Cohen’s ‘never been to Prague’ tweet comes back to haunt him (updated)

CNN/YouTube

Trump’s former lawyer reportedly had a cell phone ping in Prague in 2016.

Michael Cohen, President Donald Trump‘s former lawyer, had a cell phone ping off over cell towers around Prague in 2016, according to a new report, which several people online quickly pointed out contradicts the idea that he had “never” been to the city, as he said in the past.

McClatchy reports that a mobile phone traced to Cohen pinged cell towers around Prague in the summer of 2016, around the same time that the so-called Steele dossier said he met with Russian officials about the 2016 election. The news outlet says four people spoke with them about the latest information.

After the dossier was published, Cohen posted a photo of his passport on Twitter, claiming “I have never been to Prague in my life. #fakenews.”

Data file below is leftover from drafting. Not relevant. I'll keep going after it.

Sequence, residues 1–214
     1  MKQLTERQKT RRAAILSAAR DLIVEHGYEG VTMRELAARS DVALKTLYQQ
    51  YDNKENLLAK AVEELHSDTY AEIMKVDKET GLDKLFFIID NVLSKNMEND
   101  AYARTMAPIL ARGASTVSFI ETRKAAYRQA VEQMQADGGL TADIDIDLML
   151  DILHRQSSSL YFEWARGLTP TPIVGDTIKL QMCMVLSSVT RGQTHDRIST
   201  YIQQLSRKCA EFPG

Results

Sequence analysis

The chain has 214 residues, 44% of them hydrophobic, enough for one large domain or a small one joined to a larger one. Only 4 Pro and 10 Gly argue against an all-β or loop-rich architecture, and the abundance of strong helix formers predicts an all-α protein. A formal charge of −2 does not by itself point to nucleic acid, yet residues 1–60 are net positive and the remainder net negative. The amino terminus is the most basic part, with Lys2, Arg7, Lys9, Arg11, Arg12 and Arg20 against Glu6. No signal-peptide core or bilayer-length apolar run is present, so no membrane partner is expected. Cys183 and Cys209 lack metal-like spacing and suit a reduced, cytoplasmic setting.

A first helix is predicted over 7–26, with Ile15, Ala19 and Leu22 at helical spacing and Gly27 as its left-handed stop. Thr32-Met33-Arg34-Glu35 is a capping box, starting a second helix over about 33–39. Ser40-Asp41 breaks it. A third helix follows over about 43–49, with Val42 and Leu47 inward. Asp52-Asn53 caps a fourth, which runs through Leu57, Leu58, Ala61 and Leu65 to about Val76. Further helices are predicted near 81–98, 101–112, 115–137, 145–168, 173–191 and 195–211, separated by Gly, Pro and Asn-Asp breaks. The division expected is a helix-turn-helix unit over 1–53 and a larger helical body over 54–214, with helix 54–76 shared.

Cohen also reiterated the claim on Sean Hannity‘s Fox News show and questioned the accuracy of McClatchy’s reporting in April.

His lawyer, Lanny Davis, also denied that Cohen had been in Prague when questioned by the news outlet.

More recently, Cohen—who is reportedly working with Special Counsel Robert Mueller’s investigation—was sentenced to three years in prison by a federal judge for charges including bank fraud and tax evasion.

The “never been to Prague” line of Cohen’s quickly was rediscovered, and mocked on Twitter, in light of McClatchy’s report.

Others thought perhaps other—more salacious—parts of the Steele dossier may also be true. “Next stop, pee pee tape,” someone riffed on Twitter.

You can read all of McClatchy’s report here.

Update 5:02pm CT, Dec. 27Pressed on whether he would admit to having been in the Czech Republic “ever? For any reason? At any time?” Cohen responded with a one-syllable tweet: “NO.”

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Andrew Wyrich

Andrew Wyrich

Andrew Wyrich is a politics staff writer for the Daily Dot, covering the intersection of politics and the internet. Andrew has written for USA Today, NorthJersey.com, and other newspapers and websites. His work has been recognized by the Society of the Silurians, Investigative Reporters & Editors (IRE), and the Society of Professional Journalists (SPJ).